The North Aegean archipelago consists of five large islands and many smaller ones. Of these, Lesbos and Chios are the most famous. These islands get little rainfall and are very hot in summer.
The islands are known for their beaches and UNESCO World Heritage Sites. There are still traditional fishing villages on the smaller islands, as well as yacht ports. The island of Limnos has many such charming villages. Its capital, the picturesque town of Mirina, is built on the ruins of an ancient city. Neolithic and Bronze Age remains can be found on this island.
Chios is green and scenic, with many examples of age-old art and architecture. Siros and Inousses have only one village each, and have wonderful beaches. Samos, very close to Asia Minor, is full of vineyards and attractive mountain villages plus fishing villages by the sandy shores. The island’s best beaches are at Hrissi and Kokari.
Ikaria has fascinating scenery and great beaches. Charming two-storey sea captains’ houses are found in the capital. Also famous are Therma’s therapeutic radioactive springs.
Lesbos, once home to classical poet Sappho, offers tremendous variety—traditional villages, hot spring spas, excellent restaurants, charming cafés, vibrant nightlife, and great art museums. Close to Turkey, it has a rich culture. It also has an amazing petrified forest. It has great beaches but is unspoilt by tourism.
In fact, it may be said of the North Aegean Islands in general that although they have good beaches, noteworthy sights, and beautiful scenery, they remain unspoilt.
The island of Chios lies a short distance from Turkey, and is blessed with fertile lands, lush vegetation, and fine beaches. It is known for the evergreen mastic shrub, which is cultivated for its resin. Chios also has a successful shipping industry.
Small picturesque villages dominate the island’s north. Here, old citrus groves are protected from harsh natural conditions by surrounding high walls.
The modern port and capital town of Chios, has hotels, shops, bars, restaurants, and entertainment centres. It has a significant population of students. Several of its many beautiful beaches have a youthful vibe where nightlife thrives.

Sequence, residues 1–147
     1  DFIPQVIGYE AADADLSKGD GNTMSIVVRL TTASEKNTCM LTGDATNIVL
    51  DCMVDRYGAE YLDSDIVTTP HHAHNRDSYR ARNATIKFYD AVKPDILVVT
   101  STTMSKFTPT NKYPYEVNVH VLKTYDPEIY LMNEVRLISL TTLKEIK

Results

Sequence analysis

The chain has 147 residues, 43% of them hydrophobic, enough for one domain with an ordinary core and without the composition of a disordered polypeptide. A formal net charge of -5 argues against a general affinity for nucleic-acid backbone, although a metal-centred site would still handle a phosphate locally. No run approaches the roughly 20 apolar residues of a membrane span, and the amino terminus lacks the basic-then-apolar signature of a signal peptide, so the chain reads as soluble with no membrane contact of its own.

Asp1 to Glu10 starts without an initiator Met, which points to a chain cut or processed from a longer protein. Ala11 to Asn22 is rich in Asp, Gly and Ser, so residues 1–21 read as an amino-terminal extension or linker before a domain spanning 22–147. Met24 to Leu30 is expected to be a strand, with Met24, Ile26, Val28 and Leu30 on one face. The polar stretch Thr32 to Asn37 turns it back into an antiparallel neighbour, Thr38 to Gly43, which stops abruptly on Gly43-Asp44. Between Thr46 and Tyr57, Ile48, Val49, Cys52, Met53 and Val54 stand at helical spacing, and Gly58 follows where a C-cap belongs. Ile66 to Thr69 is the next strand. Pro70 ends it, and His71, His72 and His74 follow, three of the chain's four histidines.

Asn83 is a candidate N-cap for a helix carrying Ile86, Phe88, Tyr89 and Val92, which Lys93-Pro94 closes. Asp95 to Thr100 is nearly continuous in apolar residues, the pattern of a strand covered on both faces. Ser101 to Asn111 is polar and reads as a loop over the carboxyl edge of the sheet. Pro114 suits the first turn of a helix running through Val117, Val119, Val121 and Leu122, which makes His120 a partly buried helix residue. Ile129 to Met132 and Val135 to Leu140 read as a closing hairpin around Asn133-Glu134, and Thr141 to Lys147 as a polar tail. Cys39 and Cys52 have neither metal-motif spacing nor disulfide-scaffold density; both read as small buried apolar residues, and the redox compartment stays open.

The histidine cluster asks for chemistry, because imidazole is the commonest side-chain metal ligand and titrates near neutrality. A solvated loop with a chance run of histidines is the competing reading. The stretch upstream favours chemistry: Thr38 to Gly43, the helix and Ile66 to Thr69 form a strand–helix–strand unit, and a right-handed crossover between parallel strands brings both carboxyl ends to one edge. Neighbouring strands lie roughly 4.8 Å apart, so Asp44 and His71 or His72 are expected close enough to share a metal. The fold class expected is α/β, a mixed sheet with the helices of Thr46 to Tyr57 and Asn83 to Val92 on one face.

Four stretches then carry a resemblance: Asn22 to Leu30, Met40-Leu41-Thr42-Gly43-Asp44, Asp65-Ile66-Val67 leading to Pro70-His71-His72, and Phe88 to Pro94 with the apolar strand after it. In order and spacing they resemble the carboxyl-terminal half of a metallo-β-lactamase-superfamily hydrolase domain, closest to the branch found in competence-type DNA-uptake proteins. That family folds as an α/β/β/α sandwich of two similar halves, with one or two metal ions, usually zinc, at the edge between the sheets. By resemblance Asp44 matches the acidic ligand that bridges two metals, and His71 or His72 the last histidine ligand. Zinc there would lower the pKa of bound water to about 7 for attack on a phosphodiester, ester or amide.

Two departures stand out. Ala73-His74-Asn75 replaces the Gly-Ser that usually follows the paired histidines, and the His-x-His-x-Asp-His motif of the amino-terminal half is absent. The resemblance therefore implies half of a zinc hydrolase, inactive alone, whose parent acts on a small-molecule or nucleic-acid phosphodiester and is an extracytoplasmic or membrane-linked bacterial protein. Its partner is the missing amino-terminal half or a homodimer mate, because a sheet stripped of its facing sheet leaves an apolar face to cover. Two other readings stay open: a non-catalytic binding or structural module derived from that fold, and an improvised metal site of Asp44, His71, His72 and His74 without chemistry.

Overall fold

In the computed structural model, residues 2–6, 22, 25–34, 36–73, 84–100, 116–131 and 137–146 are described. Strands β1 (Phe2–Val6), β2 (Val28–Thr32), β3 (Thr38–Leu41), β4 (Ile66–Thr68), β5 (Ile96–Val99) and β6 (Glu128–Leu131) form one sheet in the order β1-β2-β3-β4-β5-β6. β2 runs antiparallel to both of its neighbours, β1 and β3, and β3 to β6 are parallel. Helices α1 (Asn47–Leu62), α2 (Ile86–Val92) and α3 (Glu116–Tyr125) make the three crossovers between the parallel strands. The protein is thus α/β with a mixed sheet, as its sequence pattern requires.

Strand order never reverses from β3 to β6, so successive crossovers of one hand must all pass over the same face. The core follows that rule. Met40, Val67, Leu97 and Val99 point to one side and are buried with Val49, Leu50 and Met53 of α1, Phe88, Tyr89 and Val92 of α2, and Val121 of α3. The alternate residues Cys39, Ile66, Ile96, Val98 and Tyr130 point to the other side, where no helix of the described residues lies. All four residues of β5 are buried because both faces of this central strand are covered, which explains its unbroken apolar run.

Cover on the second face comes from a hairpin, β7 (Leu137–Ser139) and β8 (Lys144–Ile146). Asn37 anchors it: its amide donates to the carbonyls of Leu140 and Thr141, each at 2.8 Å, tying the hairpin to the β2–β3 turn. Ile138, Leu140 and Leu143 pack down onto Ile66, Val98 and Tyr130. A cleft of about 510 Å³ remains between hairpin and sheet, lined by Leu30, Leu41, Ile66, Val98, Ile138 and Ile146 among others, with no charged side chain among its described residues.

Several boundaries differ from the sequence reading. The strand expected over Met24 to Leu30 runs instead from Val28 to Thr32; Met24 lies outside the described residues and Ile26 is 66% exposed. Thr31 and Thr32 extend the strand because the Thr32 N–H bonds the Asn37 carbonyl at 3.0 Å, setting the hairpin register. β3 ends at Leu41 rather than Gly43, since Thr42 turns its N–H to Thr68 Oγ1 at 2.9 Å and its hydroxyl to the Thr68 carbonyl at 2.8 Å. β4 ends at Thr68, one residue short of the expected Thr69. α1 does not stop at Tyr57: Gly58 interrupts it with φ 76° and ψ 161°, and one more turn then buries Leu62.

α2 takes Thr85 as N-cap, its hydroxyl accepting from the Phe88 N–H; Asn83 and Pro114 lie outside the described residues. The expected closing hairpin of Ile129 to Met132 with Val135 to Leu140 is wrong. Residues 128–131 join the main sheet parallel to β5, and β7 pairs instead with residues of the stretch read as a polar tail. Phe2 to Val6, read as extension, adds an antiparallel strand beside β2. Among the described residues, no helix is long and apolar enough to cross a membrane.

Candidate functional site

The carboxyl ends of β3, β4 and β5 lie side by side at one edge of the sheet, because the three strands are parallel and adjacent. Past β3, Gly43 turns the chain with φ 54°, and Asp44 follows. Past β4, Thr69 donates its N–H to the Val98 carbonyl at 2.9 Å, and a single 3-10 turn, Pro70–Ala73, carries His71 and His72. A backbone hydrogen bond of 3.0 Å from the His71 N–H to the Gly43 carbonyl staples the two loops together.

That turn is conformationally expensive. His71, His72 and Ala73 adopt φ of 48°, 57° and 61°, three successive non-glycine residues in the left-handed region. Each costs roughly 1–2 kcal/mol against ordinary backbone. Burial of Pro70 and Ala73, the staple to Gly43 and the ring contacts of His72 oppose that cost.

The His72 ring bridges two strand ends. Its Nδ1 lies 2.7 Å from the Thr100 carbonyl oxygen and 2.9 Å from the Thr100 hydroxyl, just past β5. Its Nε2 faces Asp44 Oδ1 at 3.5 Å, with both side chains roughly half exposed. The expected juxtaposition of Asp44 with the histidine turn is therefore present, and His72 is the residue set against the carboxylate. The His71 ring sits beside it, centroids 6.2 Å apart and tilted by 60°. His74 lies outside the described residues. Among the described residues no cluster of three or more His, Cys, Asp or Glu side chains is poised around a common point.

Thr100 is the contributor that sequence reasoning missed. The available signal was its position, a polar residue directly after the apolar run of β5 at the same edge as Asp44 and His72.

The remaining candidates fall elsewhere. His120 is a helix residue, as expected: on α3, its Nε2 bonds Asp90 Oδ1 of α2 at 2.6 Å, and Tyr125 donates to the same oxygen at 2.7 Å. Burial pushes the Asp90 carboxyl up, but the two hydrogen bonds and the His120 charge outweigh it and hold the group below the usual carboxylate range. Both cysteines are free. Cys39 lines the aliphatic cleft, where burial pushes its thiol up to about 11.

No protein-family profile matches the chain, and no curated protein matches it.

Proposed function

Nea Moni, an 11th century monastery on Chios, was declared a UNESCO World Heritage Site in 1990.
Lesbos, where Sappho penned her famous poems, continues to fascinate individuals with its verdant mountains, thermal springs, beautiful beaches, and petrified forests. Lesbos has charming fishing villages and modern beach resorts, Molivos being the most popular. In Agia Paraskevi, its beautiful old mansions are an attraction in themselves.
Lesbos’ commercial centre is Mytilene, one of the oldest settlements in the Aegean region. Many neoclassical buildings have been renovated to house government offices. Shops sell ouzo, cheese, honey, soap and pottery.
The town has a significant number of student residents attending the University of the Aegean.
The verdant island of Samos thrives on tourism. Its beaches are lined with resorts, night clubs, and bars. Many villages have become commercial centres.
Samos’s residential architecture varies from village to village. Venetian houses can be found in Samos, the lively town capital, and in Vathi, which also has neoclassical buildings. White and blue houses with wooden shutters face the coasts of the picturesque Pythagorion.
Samos is internationally known for its sweet and dry wines made from Muscat grapes.
The remote and scenic island of Ikaria is associated with the myth of the flying Icarus who fell on its waters. The region is a combination of thick vegetation and rocky cliffs, with several thermal springs. While the beaches are very beautiful, currents can be strong which discourages swimming.
The main village of Ikaria is Christos Raches, nestled in pinewood forests. It has schools, small shops, a bakery, and sports centres. It is very quiet during the day, with some businesses not opening till late afternoon. It is quite interesting that inhabitants come alive at night, which makes one think of vampires.
The archipelago of Fourni consists of twelve small islands. Its capital, also called Fourni, has a port where ferries dock. The waterfront is lined with mulberry-shaded tavernas.
Fourni has a paved road and many footpaths. Cars are few, but most residents have private boats. The island has popular beaches as well as remote ones, which with the extension of the road network will be more easily accessible.
Thimena, named after the herb thyme that abounds in the area, is the second largest village and enjoys more quiet. It has a monastery and church. Chryssomilia is also inhabited and quite charming, with its hillside houses.
Mainstream tourism has not fully explored the flower-filled island of Limnos, once an important site for the worship of Hephaestus, god of fire and blacksmiths. It is also known for its natural beaches and thermal spas. Fish ponds and natural bird sanctuaries abound.
In its capital Myrina, several hotels are built where ancient temples once stood. Residences include old Turkish mansions with wooden verandas and small gardens. A Venetian castle can be found.
Myrina has modern restaurants, shops, and fish tavernas, as well as tourist accommodations lining its narrow stone streets and alleyways. There is a cinema where international films are shown with Greek subtitles.